Washington | “Multiple batches” of Johnson & Johnson’s COVID-19 vaccine from a Baltimore plant that had to be shut down a few weeks ago will need to be thrown away, US health officials said Friday.
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According to the New York Times, the decision concerns about 60 million doses.
In March, control tests already showed that 15 million doses of Johnson & Johnson vaccine were wasted at the facility, operated by partner company Emergent BioSolutions.
In addition to the J&J vaccine, the AstraZeneca vaccine was then produced and the products in the second vaccine were mistakenly mixed with the first, contaminating those 15 million doses and making them unusable. They never left the factory to distribute, then they quieted the authorities.
The FDA then dispatched experts to the site to inspect the premises and the rest of the doses produced.
On Friday, the agency finally gave the green light to “two batches” of Johnson & Johnson’s plant-produced vaccines that can be used “in the United States or exported overseas.” This equates to 10 million doses, a source familiar with the situation told AFP.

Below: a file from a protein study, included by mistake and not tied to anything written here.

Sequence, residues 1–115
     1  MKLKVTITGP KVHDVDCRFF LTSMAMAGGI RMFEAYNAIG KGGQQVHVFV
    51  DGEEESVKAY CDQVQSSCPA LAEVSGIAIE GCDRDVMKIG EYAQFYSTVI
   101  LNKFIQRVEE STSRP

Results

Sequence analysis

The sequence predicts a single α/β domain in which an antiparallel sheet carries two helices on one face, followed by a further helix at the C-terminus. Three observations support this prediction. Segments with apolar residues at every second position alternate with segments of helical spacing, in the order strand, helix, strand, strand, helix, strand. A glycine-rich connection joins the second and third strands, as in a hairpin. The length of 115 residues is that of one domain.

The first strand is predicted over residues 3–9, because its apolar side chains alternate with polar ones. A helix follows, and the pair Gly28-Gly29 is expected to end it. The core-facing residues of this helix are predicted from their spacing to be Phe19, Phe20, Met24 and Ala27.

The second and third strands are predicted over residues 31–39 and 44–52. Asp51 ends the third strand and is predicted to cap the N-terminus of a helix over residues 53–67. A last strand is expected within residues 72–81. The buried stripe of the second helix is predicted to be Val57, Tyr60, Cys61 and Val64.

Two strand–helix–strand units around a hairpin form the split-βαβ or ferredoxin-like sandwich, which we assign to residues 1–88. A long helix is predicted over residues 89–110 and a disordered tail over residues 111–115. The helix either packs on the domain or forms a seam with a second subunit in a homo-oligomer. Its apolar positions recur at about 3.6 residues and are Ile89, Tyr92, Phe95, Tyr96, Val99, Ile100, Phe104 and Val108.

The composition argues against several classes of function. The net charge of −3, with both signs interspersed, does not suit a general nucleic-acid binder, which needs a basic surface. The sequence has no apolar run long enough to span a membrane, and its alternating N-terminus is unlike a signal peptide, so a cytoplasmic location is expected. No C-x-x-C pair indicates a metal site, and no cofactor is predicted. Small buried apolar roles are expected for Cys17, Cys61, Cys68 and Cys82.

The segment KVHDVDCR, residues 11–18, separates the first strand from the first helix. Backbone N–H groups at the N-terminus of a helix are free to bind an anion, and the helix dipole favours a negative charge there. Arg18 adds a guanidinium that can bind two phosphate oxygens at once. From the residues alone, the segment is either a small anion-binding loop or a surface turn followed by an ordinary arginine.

On the contrary, “The FDA has determined that some other batches cannot be used,” she said. According to the New York Times, these are 60 million doses that the agency told the company to discontinue.
“Additional lots are still being studied,” the FDA said.
Production of AstraZeneca has been permanently discontinued from this plant, and production of the Johnson & Johnson vaccine has been suspended pending a decision by the health authorities.
The FDA said Friday it is “not ready yet” to resume production there and “continue working on problems there” with representatives from Johnson & Johnson and Emerging BioSolutions.
In addition, at least 60 million doses of AstraZeneca, which were also produced in this plant, are still awaiting FDA approval for shipment overseas. The US government has pledged to transfer these doses to low-income countries in 80 million doses, which will be distributed by the end of June, mainly through the Covax sharing device.